Reviewed by John M. Grohol, Psy.D. on September 7, 2014
A new report notes that more than 40 percent of individuals with serious mental illness do not receive care, while many who begin treatment fail to complete it.
A main factor is the stigma attached to mental illness, according to researchers.
“The prejudice and discrimination of mental illness is as disabling as the illness itself. It undermines people attaining their personal goals and dissuades them from pursuing effective treatments,” said psychological scientist Dr. Patrick W. Corrigan of the Illinois Institute of Technology, lead author on the report.
In the report, Corrigan and co-authors Benjamin G. Druss. M.D., of Emory University in Atlanta and Deborah A. Perlick, Ph.D., of Mount Sinai Hospital in New York, examine the available scientific literature, identifying different types of stigma that can prevent people from getting mental health care.
Public stigma emerges when stereotypes — that people with mental illness are dangerous or unpredictable, for example — lead to prejudice against those who suffer from mental illness, the researchers explain.
The desire to avoid public stigma causes them to drop out of treatment or avoid it entirely for fear of being associated with negative stereotypes. Public stigma may also influence the beliefs and behaviors of those closest to people with mental illness, including friends, family, and care providers, the researchers noted.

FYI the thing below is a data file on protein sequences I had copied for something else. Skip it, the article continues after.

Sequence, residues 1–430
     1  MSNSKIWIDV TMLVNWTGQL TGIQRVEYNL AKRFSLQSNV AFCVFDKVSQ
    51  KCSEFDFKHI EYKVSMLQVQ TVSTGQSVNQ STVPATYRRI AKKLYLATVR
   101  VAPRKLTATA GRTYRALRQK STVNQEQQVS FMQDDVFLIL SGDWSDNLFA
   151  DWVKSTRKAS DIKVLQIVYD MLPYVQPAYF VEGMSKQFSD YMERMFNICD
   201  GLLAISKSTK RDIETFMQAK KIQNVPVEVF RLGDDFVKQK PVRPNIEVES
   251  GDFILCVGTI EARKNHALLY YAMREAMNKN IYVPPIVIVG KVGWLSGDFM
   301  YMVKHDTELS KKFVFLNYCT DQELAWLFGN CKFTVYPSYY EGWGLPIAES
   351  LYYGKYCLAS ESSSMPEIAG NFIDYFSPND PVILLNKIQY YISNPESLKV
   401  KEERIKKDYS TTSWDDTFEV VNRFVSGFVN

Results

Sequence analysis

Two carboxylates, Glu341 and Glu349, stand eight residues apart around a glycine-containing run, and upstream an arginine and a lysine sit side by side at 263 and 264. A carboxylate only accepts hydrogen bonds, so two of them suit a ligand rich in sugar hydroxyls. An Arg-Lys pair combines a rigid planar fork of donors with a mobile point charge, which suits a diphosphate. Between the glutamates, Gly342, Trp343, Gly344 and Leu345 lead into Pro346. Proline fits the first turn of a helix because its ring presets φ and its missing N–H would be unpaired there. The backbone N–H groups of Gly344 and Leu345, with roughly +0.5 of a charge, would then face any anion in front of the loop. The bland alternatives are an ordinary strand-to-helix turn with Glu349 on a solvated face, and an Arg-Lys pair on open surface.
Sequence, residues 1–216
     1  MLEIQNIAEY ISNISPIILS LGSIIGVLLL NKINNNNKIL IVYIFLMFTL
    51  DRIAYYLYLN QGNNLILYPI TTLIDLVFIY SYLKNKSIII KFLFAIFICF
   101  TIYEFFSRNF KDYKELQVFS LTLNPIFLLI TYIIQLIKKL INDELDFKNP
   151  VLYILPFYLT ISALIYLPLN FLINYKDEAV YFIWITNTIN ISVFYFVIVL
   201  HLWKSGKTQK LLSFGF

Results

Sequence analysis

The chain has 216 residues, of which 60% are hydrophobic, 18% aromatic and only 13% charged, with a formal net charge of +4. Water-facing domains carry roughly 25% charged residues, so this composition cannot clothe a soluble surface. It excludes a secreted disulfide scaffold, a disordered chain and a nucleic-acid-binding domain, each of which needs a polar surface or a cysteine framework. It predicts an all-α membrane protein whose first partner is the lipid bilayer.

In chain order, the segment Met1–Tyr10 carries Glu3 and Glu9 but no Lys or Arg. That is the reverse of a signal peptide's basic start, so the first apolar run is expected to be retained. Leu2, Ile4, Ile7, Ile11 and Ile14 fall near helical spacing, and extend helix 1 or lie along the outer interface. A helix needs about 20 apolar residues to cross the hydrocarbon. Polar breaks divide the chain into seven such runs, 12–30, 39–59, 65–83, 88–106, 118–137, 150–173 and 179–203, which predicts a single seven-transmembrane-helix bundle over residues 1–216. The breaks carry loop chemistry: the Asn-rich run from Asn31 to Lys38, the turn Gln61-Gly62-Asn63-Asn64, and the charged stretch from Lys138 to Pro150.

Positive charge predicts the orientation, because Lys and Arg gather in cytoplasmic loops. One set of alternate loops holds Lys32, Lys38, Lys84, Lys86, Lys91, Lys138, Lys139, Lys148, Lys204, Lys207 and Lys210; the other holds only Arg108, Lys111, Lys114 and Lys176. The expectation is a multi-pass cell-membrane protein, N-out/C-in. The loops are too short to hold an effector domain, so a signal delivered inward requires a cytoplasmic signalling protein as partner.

Stigma often pervades societal institutions and systems, the researchers add. The fact that mental health care is not covered by insurance to the same extent as medical care, and the fact that mental health research is not funded to the same levels as medical research, are two clear indications that stigma targeted at mental illness continues to exist at the structural level, they say.
In the face of these realities, the researchers identify approaches to addressing stigma that can help increase the number of people with mental illness who do seek care. The approaches operate at various levels, from promoting personal stories of recovery and enhancing support systems, to instituting public policies that enhance actual systems of care, according to the researchers.
The report was published in Psychological Science in the Public Interest.
Source: Association for Psychological Science